Our research has revealed that social franchising is already a significant element of the social enterprise sector in Europe. Indeed combining all social franchises together it is likely that, as a group, social franchises are as economically important as the social enterprise sectors of medium sized European countries.
Our research points to the fact that social franchising provides a proven method for more rapidly growing the social economy. However, many of the social franchises are relatively young (under 5 years old). If they follow the exponential growth pattern of older social franchises like Cap Markt, then social franchises are likely to become an even larger part of the social economy, even if no more new social franchises are formed.
If the lessons learnt by existing social franchises are also used and built on by other social enterprises, then social franchising could become even more important to the social economy than commercial franchises are to the private sector economy. We might then be truly witnessing a step change in growth of the social enterprise across Europe and the impact they have on employing disadvantaged people and building a better, fairer society.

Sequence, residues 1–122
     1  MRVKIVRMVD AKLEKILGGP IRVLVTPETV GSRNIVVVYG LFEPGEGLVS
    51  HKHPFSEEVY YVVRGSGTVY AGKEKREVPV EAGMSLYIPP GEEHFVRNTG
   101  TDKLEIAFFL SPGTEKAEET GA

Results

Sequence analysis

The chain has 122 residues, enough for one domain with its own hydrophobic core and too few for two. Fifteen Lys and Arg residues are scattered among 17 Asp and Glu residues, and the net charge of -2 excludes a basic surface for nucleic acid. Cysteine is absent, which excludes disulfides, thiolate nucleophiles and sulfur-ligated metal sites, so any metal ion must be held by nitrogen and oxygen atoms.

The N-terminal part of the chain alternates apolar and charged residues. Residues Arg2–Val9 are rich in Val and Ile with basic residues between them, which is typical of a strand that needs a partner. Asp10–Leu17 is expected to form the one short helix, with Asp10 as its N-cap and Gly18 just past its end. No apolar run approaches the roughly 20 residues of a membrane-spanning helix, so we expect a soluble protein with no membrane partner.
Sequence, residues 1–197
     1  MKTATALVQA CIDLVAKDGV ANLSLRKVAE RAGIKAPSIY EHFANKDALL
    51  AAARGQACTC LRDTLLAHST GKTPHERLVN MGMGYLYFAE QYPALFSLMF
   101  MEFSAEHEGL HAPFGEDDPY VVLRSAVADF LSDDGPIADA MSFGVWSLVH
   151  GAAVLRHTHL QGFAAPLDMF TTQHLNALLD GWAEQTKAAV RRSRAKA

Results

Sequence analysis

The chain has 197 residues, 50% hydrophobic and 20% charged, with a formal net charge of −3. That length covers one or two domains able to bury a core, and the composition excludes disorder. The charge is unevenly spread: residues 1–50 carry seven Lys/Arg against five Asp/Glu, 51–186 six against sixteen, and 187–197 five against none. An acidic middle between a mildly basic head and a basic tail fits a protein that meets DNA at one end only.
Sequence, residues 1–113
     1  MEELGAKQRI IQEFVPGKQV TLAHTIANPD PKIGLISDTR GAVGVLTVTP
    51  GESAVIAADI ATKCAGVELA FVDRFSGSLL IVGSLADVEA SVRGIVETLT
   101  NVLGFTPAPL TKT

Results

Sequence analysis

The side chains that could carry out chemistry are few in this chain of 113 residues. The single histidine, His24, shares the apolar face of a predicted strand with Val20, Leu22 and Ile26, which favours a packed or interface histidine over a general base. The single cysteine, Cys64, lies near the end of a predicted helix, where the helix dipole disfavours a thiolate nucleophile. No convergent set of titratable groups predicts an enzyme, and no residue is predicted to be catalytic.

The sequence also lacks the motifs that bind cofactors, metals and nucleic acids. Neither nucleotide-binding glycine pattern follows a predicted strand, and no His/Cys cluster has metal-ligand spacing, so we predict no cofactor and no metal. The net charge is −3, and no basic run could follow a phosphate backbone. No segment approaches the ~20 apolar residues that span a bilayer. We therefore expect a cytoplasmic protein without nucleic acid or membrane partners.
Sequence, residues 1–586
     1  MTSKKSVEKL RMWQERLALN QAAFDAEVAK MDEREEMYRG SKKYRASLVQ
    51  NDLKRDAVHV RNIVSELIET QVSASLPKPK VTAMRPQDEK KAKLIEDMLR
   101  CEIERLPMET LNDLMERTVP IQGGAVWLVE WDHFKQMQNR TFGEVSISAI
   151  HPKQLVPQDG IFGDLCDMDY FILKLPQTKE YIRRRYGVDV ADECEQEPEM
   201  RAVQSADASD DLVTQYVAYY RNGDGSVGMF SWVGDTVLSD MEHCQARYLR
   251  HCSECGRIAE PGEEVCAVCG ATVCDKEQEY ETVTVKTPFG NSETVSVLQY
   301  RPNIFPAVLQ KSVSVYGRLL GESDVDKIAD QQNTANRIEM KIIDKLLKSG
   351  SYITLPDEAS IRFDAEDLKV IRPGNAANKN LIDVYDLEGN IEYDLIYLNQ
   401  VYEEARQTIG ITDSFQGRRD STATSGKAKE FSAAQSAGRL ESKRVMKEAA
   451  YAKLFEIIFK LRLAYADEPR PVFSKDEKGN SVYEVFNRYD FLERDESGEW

UK - 30
- National Community Wood Recycling Project
- Riverford Organics
- Ex-cell solutions
- Ethical Property
- Princess Royal Trust for Carers
- Foster Care Cooperative
- My Time CIC
- Bio Regional
- The Big Lemon
- Household Energy Services
- School for Social Entrepreneurs
- Brighter Futures
- Green Works
- Fruit to Suit
- Health Exchange
- Future Clean
- Friends of Farmers Markets
- Energy for All
- Community Renewable Energy
- Care and Share Associates (CASA)
- Green Gym
- Law for All
- Big Green Valley
- Sit N B Fit CIC
Italy - 4
- Consorzio Pan
- Comunità Solidali
- Le Mat
Sweden - 3
Germany - 6
- CAP Märkte
- Dialogue in the Dark
- Balu und du
Denmark - 1
France - 3
- AETES Environnment
- Energies Alternatives
Belgium - 4
- Groep INTRO
- Age d’Or Services
Lithuania - 1
- Reda Sutkuviene
Netherlands - 1
Greece - 1
Poland - 1
Portugal - 1
- Empowerment Gateway